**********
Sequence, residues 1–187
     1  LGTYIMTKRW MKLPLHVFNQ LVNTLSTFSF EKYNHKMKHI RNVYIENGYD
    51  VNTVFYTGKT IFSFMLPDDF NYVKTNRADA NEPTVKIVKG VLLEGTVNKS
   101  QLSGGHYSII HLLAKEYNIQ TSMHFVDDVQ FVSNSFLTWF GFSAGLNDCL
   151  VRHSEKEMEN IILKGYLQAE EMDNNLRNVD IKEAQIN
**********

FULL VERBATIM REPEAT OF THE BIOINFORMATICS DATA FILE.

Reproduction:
Sequence, residues 1–187
     1  LGTYIMTKRW MKLPLHVFNQ LVNTLSTFSF EKYNHKMKHI RNVYIENGYD
    51  VNTVFYTGKT IFSFMLPDDF NYVKTNRADA NEPTVKIVKG VLLEGTVNKS
   101  QLSGGHYSII HLLAKEYNIQ TSMHFVDDVQ FVSNSFLTWF GFSAGLNDCL
   151  VRHSEKEMEN IILKGYLQAE EMDNNLRNVD IKEAQIN